This year we have witnessed one of the driest years for tech initial public offerings (IPOs) in a long time. But that’s not to say that the opportunities aren’t there, especially for tech companies entering the enterprise space.
Out of the handful of IPOs that did happen, three – Coupa, Apptio and Twilio – were enterprise solutions. In the US, the business technology sector in 2016 was predicted to increase by more than 10%, in contrast to the overall US tech market, which was expected to see a more subdued 4.3% growth rate.
As the automation of processes increases, companies will become smaller and as such, will become increasingly reliant on external suppliers, especially to deliver fast innovation to provide a competitive edge. The need for enterprise technology solutions will therefore only grow. Despite the opportunities available, breaking into the sector is becoming more challenging as the number of players in the space increases and competition intensifies.
Here, Mark Perera, CEO & co-founder of technology leader in supplier collaboration platforms and enterprise level innovation, Old St Labs, shares his advice on how to successfully get your new technology into the enterprise space.
Know your (prospective) customer
When attempting to break into the enterprise sector, a crucial first step is gaining a comprehensive knowledge of your (potential) customers. Understanding their challenges and priorities will enable you to create a product that meets a real need. So how do you go about gaining that insight? A good place to start is to develop some quality questions, e.g. what their key business objectives are and what is hindering their achievement? Who are their current suppliers and where are they falling short? This may sound obvious, but many do not always have a good grasp of their current suppliers, especially when it comes to deliverables and measuring success. Speaking directly to people within the industry that would ultimately use your product is key.
It’s crucial to ensure that once you understand your customer’s main challenges, you make sure your branding and messaging reflects the fact that you are the solution to their problems. Successfully doing this makes it significantly easier to capture attention from the outset.
Establishing Procurement Leaders Network, a community dedicated to driving best practices across procurement and sourcing, allowed me to establish strong relationships with key people in the sector and gain their trust through sharing experiences and advice. This meant that when I started my latest venture, my relationships and credibility didn’t need to be developed from scratch. But, if you are just entering the enterprise space, this may not be the situation you find yourself in. In order to establish these relationships and showcase your expertise, creating content that proves your understanding of the problems the industry faces can help get your foot in the door.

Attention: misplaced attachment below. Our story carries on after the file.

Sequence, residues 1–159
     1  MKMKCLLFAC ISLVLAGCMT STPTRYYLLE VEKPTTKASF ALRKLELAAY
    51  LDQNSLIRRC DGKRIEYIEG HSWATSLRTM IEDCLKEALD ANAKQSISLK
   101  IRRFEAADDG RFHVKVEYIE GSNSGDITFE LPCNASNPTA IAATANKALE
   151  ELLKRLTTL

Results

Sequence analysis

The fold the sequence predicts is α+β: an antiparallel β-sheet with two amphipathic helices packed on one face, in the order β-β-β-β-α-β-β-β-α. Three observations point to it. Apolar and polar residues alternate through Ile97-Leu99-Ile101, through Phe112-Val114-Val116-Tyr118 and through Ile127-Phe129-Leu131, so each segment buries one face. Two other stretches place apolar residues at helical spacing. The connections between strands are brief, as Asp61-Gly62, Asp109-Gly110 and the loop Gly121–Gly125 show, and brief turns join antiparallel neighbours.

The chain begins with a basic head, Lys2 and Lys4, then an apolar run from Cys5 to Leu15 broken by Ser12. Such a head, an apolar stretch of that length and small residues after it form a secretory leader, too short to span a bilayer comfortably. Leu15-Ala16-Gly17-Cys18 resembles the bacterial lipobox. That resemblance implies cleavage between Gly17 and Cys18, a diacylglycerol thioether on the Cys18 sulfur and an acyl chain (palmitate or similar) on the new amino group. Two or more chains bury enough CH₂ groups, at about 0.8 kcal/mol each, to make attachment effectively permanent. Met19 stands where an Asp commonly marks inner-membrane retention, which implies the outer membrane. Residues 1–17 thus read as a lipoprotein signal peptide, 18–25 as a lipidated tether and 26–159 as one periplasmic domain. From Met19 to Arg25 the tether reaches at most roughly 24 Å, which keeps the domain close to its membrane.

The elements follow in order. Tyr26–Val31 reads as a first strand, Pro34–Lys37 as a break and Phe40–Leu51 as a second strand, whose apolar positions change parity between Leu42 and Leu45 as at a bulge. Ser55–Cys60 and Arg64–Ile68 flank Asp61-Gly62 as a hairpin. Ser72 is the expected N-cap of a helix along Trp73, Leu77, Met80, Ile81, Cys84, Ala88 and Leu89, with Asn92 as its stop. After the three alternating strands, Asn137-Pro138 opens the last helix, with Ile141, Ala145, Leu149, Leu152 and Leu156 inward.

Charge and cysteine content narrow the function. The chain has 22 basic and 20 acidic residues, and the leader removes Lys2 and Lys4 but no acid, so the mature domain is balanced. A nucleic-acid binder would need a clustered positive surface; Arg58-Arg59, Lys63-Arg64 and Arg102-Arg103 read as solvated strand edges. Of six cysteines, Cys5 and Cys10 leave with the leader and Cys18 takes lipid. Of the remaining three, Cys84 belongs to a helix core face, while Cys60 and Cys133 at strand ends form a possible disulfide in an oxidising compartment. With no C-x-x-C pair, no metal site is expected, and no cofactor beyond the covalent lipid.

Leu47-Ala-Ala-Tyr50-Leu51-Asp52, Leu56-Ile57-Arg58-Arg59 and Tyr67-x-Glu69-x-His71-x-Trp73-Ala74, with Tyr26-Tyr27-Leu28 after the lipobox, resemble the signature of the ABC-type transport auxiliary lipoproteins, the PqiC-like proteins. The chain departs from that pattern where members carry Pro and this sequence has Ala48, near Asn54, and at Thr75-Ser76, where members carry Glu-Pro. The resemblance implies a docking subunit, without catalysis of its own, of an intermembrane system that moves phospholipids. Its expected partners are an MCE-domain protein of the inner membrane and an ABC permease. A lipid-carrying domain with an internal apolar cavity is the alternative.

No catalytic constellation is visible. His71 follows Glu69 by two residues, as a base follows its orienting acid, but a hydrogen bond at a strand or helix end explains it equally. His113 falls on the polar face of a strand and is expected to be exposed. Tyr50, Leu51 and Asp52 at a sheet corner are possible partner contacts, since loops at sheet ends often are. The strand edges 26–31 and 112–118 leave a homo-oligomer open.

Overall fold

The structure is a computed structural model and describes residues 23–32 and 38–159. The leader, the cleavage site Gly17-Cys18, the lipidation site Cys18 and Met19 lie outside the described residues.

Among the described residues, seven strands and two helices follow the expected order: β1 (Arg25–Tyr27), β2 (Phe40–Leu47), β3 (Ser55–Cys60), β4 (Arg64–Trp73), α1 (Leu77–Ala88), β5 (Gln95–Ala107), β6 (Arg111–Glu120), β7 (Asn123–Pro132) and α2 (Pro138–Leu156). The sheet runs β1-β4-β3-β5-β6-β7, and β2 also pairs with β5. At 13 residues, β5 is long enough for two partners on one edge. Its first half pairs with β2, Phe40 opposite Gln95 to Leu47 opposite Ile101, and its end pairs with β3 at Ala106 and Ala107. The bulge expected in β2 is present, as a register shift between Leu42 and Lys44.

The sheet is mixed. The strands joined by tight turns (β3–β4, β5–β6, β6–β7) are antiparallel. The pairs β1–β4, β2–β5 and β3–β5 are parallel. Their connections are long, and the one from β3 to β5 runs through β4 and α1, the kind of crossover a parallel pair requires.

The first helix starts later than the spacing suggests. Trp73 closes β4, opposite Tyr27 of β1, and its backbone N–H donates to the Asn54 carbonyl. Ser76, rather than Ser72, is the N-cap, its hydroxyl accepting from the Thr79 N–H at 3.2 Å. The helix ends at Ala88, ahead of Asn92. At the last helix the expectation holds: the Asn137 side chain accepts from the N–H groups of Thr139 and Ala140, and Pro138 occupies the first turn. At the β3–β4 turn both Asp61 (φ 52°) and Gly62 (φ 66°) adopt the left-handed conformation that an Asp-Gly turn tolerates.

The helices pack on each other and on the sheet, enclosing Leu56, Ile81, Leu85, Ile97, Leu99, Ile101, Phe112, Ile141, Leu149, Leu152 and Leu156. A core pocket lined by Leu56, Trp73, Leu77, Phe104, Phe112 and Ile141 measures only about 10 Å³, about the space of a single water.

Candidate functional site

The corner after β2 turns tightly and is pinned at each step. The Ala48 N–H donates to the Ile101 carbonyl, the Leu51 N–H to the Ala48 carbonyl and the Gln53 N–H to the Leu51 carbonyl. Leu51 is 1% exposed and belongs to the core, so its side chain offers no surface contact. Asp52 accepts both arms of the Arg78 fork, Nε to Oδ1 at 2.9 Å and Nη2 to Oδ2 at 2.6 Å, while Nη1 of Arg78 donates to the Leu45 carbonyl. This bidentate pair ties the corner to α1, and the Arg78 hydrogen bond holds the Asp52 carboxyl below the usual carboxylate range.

Establishing strong relationships early on will pay dividends once they become established clients, as they’ll be far more open and willing to share their pain points with you on an ongoing basis. This information can then feed into the development of your proposition to ensure that you continue to deliver.
Explain your value
So, you’ve captured the interest of a number of potential clients by explaining how your solutions can help them but the hard work doesn’t end there. At this point, they are likely to want to know how you would actually deliver value to their business in practice. Explaining in detail how the product will be implemented and discussing specific targets and goals at this stage will help illustrate this. To further set yourself apart and demonstrate a commitment to delivering on your promise, define what customer success means and what you will be able to deliver at three months, six months and a year from now.
Getting to know the procurement team will also help you deliver value. Many companies try to avoid dealing with procurement as part of the selling process. But getting to know the relevant employees in the function is a good idea, as they can help you gain a deeper understanding of the buying process, where the budget is coming from and who signs it off. This will not only help your product development by giving you the background information about the people you should target in the selling process, but also understand how your product could scale.
Last but not least, I’d suggest building relationships and focusing your initial efforts on early adopters and innovators in your target sector. Often, they are interested in cutting edge technology and are more likely to see the value of trying something new. In comparison, traditional organisations are often more risk averse and not as receptive to working with you if you are unable to provide case studies proving your solution’s value.
Once a client base has been developed, it is key that you find and identify your brand ambassadors and use them to create compelling, rich case studies. These will allow you to reach some of your more traditional prospects further down the line. Your case studies can become powerful sources of brand promotion and help build excitement around your proposition.
Enterprise technology can be a challenging space for new technology companies to break into. But by developing an in-depth understanding of customers and their needs as well as building trust with key stakeholders, innovative and dedicated organisations can thrive.